How do you use Facebook Live, Instagram Stories, Whatsapp Status, given they seem to offer same features? This article hopes to clear the questions.
Live Life, Share Live
First, there was Facebook Live, a feature to let Facebook users do live video broadcast and let people see live. Viewers can post reactions and comments which appears on other viewers in real time too. Once the broadcast ends, the video will be made available as a normal video which can be watched by those who have missed it.
Then comes Instagram Stories, a copy of Snapchat, allowing users to post photos or videos that lasts 24 hours before being removed.
Instagram then up the ante further by provide Instagram Live. The difference with Facebook Live is that the videos will not be retained after the live session ends. That is the truest form of live, where no one can revisit the moments.
Recently, Whatsapp updated the app to change the way statuses are presented. What used to be static text is now multimedia content, where the user publishes photos, GIF, or videos on the status tab, which lasts 24 hours, just like Instagram Stories or Snapchat.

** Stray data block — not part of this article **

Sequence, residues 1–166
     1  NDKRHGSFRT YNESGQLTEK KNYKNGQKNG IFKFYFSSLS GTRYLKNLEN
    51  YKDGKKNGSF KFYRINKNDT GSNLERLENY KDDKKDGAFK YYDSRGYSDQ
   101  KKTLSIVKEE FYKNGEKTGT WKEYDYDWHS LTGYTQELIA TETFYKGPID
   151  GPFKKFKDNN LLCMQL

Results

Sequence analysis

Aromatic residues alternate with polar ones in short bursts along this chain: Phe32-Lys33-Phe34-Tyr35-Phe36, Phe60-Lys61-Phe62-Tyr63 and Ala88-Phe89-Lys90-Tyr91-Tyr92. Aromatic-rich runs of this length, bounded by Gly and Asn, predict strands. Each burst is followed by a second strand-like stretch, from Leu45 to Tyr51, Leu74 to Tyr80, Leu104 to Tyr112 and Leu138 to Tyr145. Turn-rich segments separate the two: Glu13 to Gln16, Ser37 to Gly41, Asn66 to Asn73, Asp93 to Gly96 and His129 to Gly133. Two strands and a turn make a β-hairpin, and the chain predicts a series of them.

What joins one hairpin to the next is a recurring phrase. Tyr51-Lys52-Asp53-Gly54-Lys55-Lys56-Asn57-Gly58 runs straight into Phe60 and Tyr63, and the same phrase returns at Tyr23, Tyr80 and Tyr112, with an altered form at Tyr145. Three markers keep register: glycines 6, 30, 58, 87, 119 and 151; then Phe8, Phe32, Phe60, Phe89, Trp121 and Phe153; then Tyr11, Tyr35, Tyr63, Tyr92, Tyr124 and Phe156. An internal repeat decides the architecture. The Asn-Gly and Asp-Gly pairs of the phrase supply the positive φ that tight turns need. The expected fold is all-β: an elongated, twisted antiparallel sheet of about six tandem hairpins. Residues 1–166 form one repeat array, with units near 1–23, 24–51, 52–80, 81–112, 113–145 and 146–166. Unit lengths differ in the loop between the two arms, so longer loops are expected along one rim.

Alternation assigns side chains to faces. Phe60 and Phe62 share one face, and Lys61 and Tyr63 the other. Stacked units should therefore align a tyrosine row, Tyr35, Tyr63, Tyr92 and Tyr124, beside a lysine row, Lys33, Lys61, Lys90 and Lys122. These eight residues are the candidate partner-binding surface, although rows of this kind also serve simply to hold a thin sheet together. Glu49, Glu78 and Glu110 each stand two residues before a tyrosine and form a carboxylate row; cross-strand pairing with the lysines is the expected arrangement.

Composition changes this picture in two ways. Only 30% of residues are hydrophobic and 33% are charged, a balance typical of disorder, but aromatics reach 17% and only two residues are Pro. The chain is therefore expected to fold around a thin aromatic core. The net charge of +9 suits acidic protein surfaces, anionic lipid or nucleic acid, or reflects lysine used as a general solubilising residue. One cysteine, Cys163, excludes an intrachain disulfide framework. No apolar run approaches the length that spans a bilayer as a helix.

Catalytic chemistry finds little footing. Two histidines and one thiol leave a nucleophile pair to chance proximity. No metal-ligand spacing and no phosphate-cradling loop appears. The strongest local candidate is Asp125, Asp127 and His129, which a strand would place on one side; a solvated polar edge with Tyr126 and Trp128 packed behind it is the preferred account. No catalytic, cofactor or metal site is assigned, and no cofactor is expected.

Copy For A Purpose
You might think: why are these apps offering identical features? The reason is to extend the features to more consumers who do not use all the above apps.
Honestly, I thought Snapchat feature was fun, but I had no followers, so I did not use it. Then Instagram Stories come along, so now I can do snapchat-like posts over Instagram.
Similarly, Facebook Live is an amazing concept, giving every Facebook user the ability to deliver live visual content. But I am wary of using it because since the video will be saved and posted on the Facebook feed, I am more conscious about ensuring the video content is of good quality. More importantly, there is value in the videos. For instance, using it to record concerts or press events are good, while recording an ad-hoc selfie moment may not be a good idea.
Instagram Stories Live solves that problem. Now I can do live broadcast which does not get saved. It is the most authentic form of engaging without worry of being recorded or having awkward silent moments (of course there are still ways to capture them, but at least it is not a given). Hence, if you want to share the moment and reach out to many people for an engaging interaction, this mode will be the best.
Whatsapp New 24-hour Status
OK, now Facebook, who owns Whatsapp and Instagram, thought it is a good idea to extend this idea of sharing visual content as Whatsapp statuses. The Whatsapp Status feature is identical to Instagram Stories and Snapchat: you post photos or videos and it appears in the new Status tab. Each content shows the number of views and their identity, and once they choose to reply to that content, it appears on the private Whatsapp chat. The content plays one after another, from one user to another. Just like Instagram Stories, except these are your personal contacts, not strangers you follow on Instagram.